Disco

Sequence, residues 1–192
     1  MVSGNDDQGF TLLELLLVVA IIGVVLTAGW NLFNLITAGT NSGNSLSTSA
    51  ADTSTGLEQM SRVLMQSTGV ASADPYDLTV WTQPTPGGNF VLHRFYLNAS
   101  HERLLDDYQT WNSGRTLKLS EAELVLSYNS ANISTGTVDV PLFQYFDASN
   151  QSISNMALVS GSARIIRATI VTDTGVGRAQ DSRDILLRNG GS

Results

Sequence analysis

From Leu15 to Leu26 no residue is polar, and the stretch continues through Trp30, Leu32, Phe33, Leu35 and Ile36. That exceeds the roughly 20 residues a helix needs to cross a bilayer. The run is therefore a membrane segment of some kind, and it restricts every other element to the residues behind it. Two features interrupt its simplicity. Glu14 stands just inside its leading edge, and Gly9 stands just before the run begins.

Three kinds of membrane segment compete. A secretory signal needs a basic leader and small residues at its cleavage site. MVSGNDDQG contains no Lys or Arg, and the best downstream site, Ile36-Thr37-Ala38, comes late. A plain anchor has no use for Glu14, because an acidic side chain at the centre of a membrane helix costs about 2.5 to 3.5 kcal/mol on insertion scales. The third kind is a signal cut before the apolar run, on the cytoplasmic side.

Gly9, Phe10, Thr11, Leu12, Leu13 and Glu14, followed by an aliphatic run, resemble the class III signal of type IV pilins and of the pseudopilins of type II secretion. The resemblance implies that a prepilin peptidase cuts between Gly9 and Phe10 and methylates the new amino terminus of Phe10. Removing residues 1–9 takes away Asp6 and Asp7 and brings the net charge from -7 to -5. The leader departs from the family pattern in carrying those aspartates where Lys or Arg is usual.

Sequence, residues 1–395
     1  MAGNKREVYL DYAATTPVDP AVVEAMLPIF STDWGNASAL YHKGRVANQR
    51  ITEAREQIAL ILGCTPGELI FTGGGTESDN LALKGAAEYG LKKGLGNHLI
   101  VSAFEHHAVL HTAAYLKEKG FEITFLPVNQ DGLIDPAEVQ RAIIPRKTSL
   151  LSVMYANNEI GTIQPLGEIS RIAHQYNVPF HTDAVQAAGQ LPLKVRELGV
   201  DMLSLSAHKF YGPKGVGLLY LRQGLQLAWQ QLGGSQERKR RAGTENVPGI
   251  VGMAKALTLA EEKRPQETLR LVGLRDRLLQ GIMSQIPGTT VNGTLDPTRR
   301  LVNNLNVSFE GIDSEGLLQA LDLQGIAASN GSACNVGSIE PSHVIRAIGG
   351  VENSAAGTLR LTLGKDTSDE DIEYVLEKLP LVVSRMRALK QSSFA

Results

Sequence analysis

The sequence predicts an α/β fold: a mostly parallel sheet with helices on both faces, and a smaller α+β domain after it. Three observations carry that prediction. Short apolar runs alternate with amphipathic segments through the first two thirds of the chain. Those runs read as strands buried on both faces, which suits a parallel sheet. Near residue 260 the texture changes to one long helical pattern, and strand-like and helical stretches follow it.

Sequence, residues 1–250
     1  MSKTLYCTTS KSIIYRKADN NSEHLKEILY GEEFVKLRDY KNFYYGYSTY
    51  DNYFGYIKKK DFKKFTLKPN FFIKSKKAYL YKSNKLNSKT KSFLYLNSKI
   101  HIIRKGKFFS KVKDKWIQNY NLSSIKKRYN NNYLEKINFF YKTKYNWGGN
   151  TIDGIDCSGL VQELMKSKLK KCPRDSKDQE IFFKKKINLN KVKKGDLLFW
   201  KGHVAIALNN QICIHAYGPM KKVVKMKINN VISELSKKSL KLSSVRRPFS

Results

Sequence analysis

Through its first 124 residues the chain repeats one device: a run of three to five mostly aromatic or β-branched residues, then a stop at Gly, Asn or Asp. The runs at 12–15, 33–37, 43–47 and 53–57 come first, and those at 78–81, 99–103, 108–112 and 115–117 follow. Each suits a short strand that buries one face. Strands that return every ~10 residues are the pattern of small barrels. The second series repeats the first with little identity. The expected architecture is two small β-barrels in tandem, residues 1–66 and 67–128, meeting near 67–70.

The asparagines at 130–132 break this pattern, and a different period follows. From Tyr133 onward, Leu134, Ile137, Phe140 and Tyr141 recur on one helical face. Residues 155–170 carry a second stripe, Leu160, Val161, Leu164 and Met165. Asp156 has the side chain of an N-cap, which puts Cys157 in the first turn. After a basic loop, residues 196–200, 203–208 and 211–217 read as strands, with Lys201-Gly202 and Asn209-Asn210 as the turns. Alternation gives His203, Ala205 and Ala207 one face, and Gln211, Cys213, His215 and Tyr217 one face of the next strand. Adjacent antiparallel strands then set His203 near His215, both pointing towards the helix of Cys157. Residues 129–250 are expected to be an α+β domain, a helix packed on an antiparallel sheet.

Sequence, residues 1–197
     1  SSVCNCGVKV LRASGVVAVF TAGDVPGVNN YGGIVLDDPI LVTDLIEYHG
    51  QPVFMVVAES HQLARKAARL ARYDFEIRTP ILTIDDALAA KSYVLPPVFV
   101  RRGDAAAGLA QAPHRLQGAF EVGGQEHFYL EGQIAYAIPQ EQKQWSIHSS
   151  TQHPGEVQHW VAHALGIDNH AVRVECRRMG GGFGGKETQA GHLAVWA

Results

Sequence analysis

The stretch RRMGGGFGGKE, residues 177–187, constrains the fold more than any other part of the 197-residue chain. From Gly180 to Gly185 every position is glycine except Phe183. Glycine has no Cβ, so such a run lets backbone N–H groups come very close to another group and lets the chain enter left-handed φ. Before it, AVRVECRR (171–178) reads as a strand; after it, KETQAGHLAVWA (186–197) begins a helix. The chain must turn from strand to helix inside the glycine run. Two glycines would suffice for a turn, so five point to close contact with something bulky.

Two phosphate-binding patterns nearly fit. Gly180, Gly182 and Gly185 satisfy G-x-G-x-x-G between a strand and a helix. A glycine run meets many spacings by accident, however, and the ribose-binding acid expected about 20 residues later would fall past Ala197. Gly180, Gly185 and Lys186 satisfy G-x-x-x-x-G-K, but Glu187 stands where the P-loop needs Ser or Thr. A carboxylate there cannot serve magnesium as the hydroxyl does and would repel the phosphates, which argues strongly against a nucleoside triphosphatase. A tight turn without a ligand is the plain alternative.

Visions of John Travolta in a white suit spinning around a dance floor fill our heads when Disco is discussed.  Donna Summer, Gloria Gaynor, the Village People took over from the Rolling Stones and Creedence Clearwater Revival.  The Vietnam "Police Action" was finally over.  Richard Nixon had done his worst.  Gerald Ford was falling down steps for the world to see, and the Disco fad had taken over.  Glamour and  hedonsim took center stage in a glory of polyester and bare chests.  Women left the often shapeless styles of the mid-seventies behind for the clingier, sexier looks of Disco.  Like the flapper fads of the 20's, changes in music helped along changes in fashion.  Women opted for sparkly and slinky fashions which looked good on the dance floor and men dressed for the part in bell bottomed suits and polyester shirts, unbottoned almost to the waist.  Leaving behind the unbecoming casualness of the mid-sixties and early-seventies, people embraced a sort of glamour which is now dismissed as tacky.  Following the disappointments of the previous decade, people--especially young people--sought out ways to indulge themselves.  Sensuality and greed drove the movement into the power hungry power suited eighties.